In past Edmunds brake testing, multiple Audi R8s have come to a stop from 60 mph between 104 and 106 feet. Meanwhile, a 2014 R8 V10 Plus with the carbon-ceramic brakes came to a halt in 106 feet. That's respectable, but still a few feet longer than the amazingly short distances some rivals can register.
The 2015 Audi R8 rides firmly but assuredly thanks to its adaptive suspension, though road noise is pronounced relative to most other Audis. By exotic-car standards, however, it's a remarkably comfortable daily driver. Low seating height notwithstanding, outward visibility in the R8 is especially good in all directions. On twisting roads, the R8's exquisitely refined power, quick reflexes and heroic grip conspire to make this 3,600-pound supercar feel as nimble as a lightweight roadster.
Speaking of power, the R8 V10 adds an appreciable amount, as well as a uniquely racy soundtrack. But even the V8 is one of the best-sounding and most tractable engines we've experienced. Unlike the slow-witted and duly criticized single-clutch R tronic gearbox offered in past years, the dual-clutch S tronic automated manual is admirably quick and easy to use around town. The classic manual shifter is so rewarding to row, though, that you're going to have a hard time turning it down.
Unless you spend an unusual amount of time at the racetrack, where hundredths of a second actually means something, we see little reason to pay the premium Audi charges for the R8 V10 Plus and Competition. Despite the fact that the V10 Plus model earned an "A" rating from us, its weight-reduction regimen also reduces some of the R8's everyday appeal, and the value proposition is questionable at best. Although well-suited to hard driving, its non-adaptive suspension doesn't deal as well with real-world conditions, and its carbon-ceramic brakes sometimes feel grabby and sound screechy.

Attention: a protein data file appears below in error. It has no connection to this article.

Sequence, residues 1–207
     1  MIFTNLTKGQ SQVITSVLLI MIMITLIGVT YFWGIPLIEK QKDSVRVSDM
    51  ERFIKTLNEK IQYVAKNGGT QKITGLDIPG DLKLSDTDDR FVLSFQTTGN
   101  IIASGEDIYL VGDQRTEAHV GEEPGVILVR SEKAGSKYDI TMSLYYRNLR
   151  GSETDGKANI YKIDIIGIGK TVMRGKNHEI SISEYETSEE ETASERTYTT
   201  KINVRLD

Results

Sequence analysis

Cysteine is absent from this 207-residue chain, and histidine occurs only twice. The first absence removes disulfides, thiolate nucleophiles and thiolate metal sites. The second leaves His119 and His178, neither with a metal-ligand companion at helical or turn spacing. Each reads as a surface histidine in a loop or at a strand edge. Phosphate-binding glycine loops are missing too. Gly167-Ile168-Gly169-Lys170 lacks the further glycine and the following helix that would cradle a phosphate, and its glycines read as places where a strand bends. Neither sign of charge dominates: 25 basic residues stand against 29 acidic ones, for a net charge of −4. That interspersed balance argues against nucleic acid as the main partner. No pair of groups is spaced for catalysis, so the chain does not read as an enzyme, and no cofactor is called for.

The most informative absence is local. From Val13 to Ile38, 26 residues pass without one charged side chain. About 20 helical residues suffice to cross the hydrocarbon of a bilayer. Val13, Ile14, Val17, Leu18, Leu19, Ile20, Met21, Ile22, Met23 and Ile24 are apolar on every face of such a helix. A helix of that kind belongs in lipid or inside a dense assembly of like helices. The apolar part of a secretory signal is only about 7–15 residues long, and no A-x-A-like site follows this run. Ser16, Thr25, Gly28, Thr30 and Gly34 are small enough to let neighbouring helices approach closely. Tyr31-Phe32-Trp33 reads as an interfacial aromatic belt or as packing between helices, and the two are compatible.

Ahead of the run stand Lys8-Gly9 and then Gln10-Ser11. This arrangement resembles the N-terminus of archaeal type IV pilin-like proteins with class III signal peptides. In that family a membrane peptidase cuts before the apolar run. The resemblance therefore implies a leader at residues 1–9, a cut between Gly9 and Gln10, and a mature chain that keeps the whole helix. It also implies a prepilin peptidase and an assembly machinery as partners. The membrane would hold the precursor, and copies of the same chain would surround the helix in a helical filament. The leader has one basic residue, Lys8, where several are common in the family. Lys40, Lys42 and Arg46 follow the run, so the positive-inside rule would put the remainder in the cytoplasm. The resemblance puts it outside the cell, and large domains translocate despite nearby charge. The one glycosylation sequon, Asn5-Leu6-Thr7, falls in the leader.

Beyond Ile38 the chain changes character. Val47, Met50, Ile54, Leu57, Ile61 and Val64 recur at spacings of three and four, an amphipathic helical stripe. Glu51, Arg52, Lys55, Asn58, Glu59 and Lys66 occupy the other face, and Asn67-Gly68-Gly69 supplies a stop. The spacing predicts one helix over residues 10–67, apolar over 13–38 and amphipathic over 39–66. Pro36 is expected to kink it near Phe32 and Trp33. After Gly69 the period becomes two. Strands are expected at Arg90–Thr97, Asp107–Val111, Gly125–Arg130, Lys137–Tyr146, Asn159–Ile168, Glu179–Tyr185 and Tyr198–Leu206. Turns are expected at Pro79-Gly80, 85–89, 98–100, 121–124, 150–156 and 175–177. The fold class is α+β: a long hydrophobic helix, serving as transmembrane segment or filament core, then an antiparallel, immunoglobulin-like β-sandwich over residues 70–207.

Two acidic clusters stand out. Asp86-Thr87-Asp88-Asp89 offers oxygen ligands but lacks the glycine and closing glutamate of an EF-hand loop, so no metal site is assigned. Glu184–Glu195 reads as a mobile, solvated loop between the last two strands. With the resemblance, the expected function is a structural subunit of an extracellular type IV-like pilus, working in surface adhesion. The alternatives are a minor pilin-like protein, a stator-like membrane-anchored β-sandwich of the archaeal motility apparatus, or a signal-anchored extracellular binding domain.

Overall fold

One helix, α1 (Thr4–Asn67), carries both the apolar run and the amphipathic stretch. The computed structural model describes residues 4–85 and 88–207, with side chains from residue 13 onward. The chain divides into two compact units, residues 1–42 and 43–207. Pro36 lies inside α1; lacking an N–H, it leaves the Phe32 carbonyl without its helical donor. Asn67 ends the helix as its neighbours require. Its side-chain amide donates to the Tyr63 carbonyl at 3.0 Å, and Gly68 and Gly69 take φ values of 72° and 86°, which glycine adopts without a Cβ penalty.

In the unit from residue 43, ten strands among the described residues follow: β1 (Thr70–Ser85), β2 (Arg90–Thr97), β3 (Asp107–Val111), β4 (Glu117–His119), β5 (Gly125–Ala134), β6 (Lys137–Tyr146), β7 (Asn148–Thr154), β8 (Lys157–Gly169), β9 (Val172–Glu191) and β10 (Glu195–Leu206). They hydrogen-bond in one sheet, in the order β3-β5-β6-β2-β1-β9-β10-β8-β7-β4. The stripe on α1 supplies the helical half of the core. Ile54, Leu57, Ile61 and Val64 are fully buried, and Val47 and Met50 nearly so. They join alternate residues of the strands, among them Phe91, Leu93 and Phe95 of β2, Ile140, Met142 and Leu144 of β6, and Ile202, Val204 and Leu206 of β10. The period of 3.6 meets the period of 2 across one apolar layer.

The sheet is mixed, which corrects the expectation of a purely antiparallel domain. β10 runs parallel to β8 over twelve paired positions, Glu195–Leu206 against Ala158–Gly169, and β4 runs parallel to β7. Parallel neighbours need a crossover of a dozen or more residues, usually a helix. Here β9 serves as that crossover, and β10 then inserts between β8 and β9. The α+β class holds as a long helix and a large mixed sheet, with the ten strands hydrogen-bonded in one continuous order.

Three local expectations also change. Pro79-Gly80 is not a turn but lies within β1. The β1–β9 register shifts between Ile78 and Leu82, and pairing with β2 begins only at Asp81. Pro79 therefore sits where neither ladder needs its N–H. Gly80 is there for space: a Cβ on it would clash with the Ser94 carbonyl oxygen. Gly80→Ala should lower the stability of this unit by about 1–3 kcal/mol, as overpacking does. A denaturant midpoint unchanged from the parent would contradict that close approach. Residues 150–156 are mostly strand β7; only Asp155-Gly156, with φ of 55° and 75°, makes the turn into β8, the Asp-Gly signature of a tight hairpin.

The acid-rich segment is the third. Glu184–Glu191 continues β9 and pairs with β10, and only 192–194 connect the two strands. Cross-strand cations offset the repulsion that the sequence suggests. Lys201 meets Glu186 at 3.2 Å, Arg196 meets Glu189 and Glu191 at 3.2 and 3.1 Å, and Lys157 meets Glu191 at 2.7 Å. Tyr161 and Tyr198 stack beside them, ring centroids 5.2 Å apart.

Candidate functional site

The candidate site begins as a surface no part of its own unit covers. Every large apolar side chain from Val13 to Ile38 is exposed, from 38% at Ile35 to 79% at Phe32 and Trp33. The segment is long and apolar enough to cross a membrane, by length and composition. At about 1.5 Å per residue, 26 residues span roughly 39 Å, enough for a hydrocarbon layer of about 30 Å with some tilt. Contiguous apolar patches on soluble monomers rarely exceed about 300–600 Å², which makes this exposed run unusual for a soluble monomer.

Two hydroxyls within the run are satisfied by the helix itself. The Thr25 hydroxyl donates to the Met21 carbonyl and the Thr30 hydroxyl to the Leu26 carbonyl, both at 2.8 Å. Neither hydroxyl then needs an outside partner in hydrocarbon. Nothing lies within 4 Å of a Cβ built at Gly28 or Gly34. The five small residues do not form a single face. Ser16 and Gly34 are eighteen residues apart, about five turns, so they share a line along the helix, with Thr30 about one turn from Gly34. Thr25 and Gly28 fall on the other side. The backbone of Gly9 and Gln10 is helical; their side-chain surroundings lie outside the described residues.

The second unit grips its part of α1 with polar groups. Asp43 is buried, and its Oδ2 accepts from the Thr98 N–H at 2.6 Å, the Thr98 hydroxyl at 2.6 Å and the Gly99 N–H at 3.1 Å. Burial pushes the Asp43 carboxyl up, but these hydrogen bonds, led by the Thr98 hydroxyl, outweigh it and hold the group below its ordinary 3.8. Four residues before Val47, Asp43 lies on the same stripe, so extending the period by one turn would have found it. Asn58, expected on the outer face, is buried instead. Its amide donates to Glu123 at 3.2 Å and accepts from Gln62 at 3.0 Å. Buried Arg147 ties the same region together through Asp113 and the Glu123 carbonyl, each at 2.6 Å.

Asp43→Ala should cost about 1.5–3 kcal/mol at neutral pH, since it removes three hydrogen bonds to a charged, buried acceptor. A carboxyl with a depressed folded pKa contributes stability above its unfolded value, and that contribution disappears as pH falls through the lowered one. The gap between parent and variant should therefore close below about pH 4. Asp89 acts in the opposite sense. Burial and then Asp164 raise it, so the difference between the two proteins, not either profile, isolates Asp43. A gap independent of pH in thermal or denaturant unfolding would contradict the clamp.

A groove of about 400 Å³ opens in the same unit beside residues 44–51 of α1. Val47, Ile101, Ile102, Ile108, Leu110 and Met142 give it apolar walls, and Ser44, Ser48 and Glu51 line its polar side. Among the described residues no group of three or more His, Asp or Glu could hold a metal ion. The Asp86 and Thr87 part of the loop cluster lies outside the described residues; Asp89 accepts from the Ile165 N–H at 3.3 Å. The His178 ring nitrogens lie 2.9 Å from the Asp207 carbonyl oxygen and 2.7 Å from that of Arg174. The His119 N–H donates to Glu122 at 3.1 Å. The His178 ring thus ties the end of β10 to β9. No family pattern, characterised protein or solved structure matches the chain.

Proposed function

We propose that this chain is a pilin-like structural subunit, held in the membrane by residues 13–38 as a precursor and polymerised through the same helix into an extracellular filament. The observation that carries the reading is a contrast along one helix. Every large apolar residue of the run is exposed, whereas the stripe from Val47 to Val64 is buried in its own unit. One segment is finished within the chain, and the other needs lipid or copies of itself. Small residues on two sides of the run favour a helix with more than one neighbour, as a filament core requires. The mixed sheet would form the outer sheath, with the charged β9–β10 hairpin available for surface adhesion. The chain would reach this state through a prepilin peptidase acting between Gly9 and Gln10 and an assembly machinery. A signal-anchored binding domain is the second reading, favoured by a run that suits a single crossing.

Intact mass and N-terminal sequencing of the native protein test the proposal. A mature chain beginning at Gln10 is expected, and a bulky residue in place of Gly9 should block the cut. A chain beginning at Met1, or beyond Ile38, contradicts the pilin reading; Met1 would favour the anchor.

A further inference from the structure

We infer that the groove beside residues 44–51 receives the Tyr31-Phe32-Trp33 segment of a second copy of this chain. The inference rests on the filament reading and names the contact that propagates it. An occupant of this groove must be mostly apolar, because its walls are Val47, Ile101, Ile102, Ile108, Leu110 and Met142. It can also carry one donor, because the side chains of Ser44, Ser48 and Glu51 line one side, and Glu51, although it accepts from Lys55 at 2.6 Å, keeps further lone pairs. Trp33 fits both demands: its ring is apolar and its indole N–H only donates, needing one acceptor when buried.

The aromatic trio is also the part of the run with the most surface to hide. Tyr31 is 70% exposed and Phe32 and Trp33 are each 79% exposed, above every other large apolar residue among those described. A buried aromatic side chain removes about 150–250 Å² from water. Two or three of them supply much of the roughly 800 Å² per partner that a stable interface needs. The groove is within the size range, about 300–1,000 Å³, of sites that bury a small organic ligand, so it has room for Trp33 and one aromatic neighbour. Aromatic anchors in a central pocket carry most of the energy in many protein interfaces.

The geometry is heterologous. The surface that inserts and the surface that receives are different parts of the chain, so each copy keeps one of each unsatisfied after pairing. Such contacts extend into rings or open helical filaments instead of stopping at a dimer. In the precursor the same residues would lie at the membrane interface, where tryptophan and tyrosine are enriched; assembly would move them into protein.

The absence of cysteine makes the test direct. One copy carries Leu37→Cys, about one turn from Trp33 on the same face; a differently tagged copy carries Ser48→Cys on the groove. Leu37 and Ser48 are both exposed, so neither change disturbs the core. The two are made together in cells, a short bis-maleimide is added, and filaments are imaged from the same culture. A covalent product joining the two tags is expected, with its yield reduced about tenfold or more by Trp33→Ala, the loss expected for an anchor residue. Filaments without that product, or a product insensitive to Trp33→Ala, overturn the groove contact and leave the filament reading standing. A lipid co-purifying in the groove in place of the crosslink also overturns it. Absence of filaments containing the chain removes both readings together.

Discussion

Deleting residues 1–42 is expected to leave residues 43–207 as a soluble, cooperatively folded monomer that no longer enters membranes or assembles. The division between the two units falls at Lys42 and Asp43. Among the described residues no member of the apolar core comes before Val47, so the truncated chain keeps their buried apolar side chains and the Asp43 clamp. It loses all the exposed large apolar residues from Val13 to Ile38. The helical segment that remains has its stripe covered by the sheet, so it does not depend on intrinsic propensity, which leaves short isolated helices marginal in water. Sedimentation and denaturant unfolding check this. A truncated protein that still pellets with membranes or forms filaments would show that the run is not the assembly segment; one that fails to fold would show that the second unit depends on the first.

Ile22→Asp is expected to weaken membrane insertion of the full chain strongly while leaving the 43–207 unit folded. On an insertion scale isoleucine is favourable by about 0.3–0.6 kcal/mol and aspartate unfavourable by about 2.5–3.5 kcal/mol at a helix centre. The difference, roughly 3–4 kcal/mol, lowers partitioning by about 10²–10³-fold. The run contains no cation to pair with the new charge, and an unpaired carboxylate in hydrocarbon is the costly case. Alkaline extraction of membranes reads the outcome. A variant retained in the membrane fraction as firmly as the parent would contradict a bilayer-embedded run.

The R8 has a finely crafted cabin with top-notch materials. The lightweight seats are comfortable for long-distance travel, and the driving position suits a wide range of people -- not a given in this class. We like the center stack's elegant swoop away from the driver, but this means that some controls require an inconvenient reach. Additionally, the navigation and audio controls are operated by a rather finicky dash-mounted MMI knob and a constellation of buttons located beneath the display screen. Compared with the electronics interface in a Porsche 911, for example, the R8's is noticeably antiquated.
Audi says there's enough room behind the R8 coupe's seats for a pair of golf bags, but you'd have to be pretty hard-pressed for country-club transport to try that. The 3.5-cubic-foot front trunk is awkwardly shaped and barely provides enough space for an overnight bag (a Porsche 911 feels like a minivan by comparison).
The Spyder models' convertible soft top can be operated at speeds up to 31 mph. It takes roughly 20 seconds in either direction to transform. The Spyder's thermal-resistant leather seats effectively lower surface temperature, which is a nice attribute for open-top motoring.
Edmunds expert review process
This review was written by a member of Edmunds' editorial team of expert car reviewers. Our team drives every car you can buy. We put the vehicles through rigorous testing, evaluating how they drive and comparing them in detail to their competitors.
We're also regular people like you, so we pay attention to all the different ways people use their cars every day. We want to know if there's enough room for our families and our weekend gear and whether or not our favorite drink fits in the cupholder. Our editors want to help you make the best decision on a car that fits your life.